Around 5,000 miles, not to mention a chasm in history, separates Accrington Stanley and Austin Aztex. To the relief of the American club's coach, Adrian Heath, tonight's journey up to Lancashire from their Staffordshire base is almost like nipping out to the shopping mall in Texas.
From their Stoke-on-Trent hotel to the Crown Ground, where the clubs meet in the season's most improbable fixture in aid of the Save Our Stanley fund, is 68 miles. For Heath, 48, the former Everton player whose managerial posts included Burnley before he took charge of the new Austin club last year, the middle leg of a three-match English tour is a welcome respite from their usual "road" trips.
Their derby in the United Soccer League is against Miami Blues, 1,350 miles away. Every away game is a three-day adventure; one to get there, one for the game, another to get back. They visit Canada and the Pacific north-west. And then there's the Puerto Rico Islanders. "When we played them, we were supposed to go from Austin to Dallas, then on to Puerto Rico," recalls Heath. "The flight from Dallas was cancelled, so we piled into cars and raced down to Houston to get a plane to Newark, New Jersey to fly from there. Bad weather meant that was cancelled too, so we flew to Philadelphia. After four hours on the tarmac, we went to Newark, then raced across New York to JFK, only to miss the connection. When we reached Puerto Rico – three hours before kick-off – we'd been travelling 26 hours." How did they get on? "Lost 4-1," says Heath, finally able to laugh at the episode.
The Aztex have been on another journey, trying to "grow" football in a city which has never had a major professional sports franchise and a state where gridiron is next to godliness (the University of Texas drew 102,000 to their last game). Affiliated to Stoke City and co-owned by Phil Rawlins, a Stoke director with business interests in Austin, they finished second bottom in the USL in their inaugural campaign, playing to an average crowd of 3,200, though for Heath the downward spiral was also "a huge learning curve". "We've got lads who knew only college soccer, which is a three-month season. It's been like three seasons in one for them and they became very tired. We sent one player to the doctor's because we thought he was ill. It was just fatigue. We need more experience next year."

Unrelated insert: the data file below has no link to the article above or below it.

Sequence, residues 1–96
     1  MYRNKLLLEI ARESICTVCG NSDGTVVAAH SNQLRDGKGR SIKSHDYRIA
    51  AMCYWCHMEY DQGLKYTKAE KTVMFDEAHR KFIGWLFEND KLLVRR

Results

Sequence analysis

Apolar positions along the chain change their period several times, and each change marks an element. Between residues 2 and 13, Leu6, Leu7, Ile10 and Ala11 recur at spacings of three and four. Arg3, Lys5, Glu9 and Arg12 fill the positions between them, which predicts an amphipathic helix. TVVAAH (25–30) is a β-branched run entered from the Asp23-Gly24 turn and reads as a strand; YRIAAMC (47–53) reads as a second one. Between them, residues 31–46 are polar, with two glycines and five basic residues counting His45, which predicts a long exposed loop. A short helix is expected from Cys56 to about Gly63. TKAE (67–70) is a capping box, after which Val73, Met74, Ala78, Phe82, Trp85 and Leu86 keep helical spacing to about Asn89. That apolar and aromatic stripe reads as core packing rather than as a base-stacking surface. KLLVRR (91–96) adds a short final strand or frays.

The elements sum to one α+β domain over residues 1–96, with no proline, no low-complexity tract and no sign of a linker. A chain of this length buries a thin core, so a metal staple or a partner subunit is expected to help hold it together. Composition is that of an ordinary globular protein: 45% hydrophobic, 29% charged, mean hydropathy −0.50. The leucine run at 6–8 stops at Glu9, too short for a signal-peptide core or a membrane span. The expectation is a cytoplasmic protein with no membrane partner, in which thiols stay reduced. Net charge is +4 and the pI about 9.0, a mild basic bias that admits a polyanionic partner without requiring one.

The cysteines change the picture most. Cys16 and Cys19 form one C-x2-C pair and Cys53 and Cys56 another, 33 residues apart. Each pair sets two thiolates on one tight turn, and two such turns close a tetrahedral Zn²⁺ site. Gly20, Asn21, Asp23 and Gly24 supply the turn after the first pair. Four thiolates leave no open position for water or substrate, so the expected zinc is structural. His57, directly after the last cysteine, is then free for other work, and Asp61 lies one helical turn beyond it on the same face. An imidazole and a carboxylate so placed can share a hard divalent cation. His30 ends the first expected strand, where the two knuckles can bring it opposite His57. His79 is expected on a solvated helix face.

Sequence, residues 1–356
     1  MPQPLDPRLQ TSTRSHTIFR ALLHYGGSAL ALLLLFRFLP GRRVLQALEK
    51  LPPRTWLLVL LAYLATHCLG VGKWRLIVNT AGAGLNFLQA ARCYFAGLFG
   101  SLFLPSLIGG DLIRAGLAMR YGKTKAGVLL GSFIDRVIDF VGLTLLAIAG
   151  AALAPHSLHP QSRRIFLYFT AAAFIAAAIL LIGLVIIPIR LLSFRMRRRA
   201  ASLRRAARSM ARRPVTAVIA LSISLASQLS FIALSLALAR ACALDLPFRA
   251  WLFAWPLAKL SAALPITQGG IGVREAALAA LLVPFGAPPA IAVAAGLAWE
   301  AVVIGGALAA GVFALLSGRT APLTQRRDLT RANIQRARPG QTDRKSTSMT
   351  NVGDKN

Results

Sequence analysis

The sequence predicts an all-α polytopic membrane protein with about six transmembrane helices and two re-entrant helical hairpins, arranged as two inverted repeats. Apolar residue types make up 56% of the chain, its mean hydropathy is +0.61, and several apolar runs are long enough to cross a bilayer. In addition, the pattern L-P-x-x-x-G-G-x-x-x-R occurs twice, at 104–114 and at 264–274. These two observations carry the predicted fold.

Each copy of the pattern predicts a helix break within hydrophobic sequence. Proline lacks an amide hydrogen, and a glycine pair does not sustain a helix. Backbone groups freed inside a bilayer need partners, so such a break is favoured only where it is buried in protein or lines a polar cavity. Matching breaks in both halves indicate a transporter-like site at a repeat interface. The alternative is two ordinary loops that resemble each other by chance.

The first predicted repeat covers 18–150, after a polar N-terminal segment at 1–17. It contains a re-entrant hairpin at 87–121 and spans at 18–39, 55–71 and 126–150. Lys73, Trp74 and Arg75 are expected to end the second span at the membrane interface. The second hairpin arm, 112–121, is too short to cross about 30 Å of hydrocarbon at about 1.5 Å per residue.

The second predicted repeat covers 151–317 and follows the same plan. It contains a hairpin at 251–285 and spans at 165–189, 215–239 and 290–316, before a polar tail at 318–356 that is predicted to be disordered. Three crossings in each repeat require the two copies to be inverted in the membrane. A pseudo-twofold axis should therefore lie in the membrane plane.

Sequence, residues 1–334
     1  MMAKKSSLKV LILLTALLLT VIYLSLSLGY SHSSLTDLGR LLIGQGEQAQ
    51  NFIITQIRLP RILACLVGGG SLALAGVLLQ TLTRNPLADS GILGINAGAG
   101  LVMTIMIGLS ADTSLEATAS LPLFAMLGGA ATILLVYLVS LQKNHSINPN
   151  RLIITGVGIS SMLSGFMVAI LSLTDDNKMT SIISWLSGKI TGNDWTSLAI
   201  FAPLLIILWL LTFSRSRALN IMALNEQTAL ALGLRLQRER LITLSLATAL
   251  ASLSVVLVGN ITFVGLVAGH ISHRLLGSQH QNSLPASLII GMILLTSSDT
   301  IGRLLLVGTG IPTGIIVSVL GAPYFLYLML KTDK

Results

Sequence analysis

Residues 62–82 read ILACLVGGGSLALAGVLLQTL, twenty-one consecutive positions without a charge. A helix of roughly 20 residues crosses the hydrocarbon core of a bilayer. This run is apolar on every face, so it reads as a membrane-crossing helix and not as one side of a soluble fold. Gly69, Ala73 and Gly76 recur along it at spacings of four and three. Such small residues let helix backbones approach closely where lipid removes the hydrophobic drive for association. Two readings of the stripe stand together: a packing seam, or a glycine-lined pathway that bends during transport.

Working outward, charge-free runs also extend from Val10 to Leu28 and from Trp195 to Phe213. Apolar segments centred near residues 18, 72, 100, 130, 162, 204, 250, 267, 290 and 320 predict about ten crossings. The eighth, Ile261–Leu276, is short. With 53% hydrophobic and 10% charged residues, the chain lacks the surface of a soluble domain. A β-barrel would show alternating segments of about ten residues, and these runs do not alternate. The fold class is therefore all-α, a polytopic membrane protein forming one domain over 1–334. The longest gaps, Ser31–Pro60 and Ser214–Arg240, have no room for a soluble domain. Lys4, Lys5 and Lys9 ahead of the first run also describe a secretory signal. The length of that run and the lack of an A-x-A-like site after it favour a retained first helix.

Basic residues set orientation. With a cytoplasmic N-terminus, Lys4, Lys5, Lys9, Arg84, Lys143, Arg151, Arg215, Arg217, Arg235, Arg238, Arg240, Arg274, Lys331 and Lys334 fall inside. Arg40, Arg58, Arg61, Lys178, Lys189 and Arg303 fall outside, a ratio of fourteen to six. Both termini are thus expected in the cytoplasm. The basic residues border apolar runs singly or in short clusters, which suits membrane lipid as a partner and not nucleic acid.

There have been stars in red and white stripes, however. Sullivan Silva, a Brazilian winger discovered at Oklahoma Baptist University, has "tricks coming out of his ears" according to Heath; Eddie Johnson, a Merseysider who made Manchester United's first team once in 2003, has revitalised his career and finished top scorer; and Miguel Gallardo, the Mexican goalkeeper, was voted Player of the Year by "Chantico's Army", a partisan fan group.
Yordany Alvarez, a midfielder who defected from the Cuba squad after an Olympic qualifier in Florida, is absent because the Cubans hold his passport. However, the Aztex promise an exotic line-up, featuring Jamaicans, Haitians, Senegalese and even the odd American, for a match the hosts hope will push them closer to the £308,000 needed to pay off tax debts.
"Only a couple of the boys have ever even been to Europe, but I've explained what a famous old club Accrington are," Heath says. "It'll be good experience, like our other games against Stoke and Sheffield Wednesday. We're also going to the weekend matches at Stoke and Wigan, which should give them an idea of the intensity of English football."